The Stakeholder’s buy-in

The Stakeholder’s buy-in

When selecting and implementing a Sales Performance Management system there are many critical steps in the process.  In this blog I will cover what is the most essential step: the stakeholder buy-in.  Why is this most important step you ask?  Well, without the interest of this group the project is destined to fail.  I remember sitting in a hall of over 100 people, all on a particular project in a large financial institution, listening to the key stakeholder discuss the successes (small ones) and the failures (not so small ones).  At this meeting it was obvious that the people directing the project simply weren’t in tune with the people who were funding it.

How do you get in tune with the stakeholder?  The key to a successful Sales Performance Management system is having not only stakeholder buy in, but also understanding every piece of interest the stakeholders have. Did any of the stakeholders have a recent or well-known failure? Did any of them have any experience in recent software selections? If so, what was valuable to them?  These are just the tip of the questions you should be asking of this group.  Think of it as a requirements gathering interview as it is most likely the most important requirements you have.

Once you have successfully understood what this group is looking for, it is important to communicate that information back.  This is in the form of steering committee meetings that should be held at a minimum of once a month, depending on length and size of project.  Specific topics of interest for sales performance management systems will be:

  •          Commission accuracy
  •          Report distribution
  •          Dashboard and analytics to management and operations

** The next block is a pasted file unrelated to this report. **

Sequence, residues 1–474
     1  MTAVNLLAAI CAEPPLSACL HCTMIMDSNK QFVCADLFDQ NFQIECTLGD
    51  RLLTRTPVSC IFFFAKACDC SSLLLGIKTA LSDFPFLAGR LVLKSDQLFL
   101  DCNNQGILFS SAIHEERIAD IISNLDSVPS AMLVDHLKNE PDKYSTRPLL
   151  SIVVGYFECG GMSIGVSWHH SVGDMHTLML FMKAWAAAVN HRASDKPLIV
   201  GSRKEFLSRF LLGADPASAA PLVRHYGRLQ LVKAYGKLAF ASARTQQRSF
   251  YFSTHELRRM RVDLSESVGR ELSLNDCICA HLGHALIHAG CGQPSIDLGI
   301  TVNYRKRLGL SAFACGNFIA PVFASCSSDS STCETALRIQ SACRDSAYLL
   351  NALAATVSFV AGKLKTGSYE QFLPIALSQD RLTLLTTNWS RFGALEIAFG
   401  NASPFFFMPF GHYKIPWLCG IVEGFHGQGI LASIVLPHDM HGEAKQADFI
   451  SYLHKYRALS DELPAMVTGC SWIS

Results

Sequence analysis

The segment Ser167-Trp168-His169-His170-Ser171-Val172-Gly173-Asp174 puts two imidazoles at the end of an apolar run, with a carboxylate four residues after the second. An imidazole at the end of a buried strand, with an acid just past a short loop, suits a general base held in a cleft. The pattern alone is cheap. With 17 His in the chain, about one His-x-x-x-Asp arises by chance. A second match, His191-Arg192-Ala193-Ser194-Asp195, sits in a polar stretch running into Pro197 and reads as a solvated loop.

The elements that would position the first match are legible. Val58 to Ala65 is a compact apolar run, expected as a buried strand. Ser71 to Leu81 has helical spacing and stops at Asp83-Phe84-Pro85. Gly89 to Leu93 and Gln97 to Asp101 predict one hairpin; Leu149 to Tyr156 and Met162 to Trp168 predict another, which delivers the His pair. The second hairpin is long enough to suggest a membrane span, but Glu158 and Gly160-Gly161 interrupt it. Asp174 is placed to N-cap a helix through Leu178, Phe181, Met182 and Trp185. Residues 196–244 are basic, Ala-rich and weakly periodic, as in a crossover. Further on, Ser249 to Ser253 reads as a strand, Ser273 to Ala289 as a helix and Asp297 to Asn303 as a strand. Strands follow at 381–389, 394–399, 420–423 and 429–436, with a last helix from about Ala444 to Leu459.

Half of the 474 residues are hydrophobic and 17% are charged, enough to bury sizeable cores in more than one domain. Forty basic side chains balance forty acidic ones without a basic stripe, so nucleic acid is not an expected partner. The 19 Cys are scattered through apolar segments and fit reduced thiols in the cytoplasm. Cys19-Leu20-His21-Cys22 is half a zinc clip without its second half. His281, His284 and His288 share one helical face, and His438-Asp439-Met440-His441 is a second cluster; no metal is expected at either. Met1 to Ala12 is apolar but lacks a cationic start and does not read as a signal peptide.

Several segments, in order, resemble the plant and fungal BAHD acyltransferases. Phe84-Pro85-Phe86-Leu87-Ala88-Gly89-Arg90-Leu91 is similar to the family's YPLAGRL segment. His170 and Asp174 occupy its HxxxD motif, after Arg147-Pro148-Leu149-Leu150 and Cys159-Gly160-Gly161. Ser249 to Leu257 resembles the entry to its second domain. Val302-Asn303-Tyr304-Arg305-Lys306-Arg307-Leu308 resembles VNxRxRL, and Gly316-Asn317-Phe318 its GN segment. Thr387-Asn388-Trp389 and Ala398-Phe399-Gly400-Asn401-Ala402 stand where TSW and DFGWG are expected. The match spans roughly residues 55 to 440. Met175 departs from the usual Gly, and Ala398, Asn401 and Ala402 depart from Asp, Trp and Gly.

•          Work flow and process management
  •          Territory and quota management

It’s likely that one of the above bullets is why you are rolling out a Sales Performance Management system in the first place.  Also, in the meetings, any decision changes should be noted as they pertain to large impact changes.  Organizationally these things can be called different names, we call them decision documents.  These documents will outline decisions that will be executed on and their impact to the project.  I bring this up because it is critical in making sure that you note for this group, with thorough process, any reason a project impacting decision was made.  Also, helps to have this documented when people want to go back and change the decision.

The last part of the entire process will be final sign off of user acceptance testing.  While this does not imply any key stakeholders will be part of the process, it is the gate in which they will be most interested in.  This is where success gets communicated to the entire stakeholder team and they can organizationally reveal that the decision they made and the money invested was worth all the pain and long hours.

Often Sales Performance Management systems are communicated to shareholders as key strategic technology spends and they do get an extreme amount of attention.  Because of this, understanding your stakeholder requirements is an absolute must when choosing and implementing a Sales Performance Management system.

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  • Posted by Lanshore
  • On April 10, 2015
Tags: Implementation, Sales Performance Management, solution selection, SPM, Stakeholders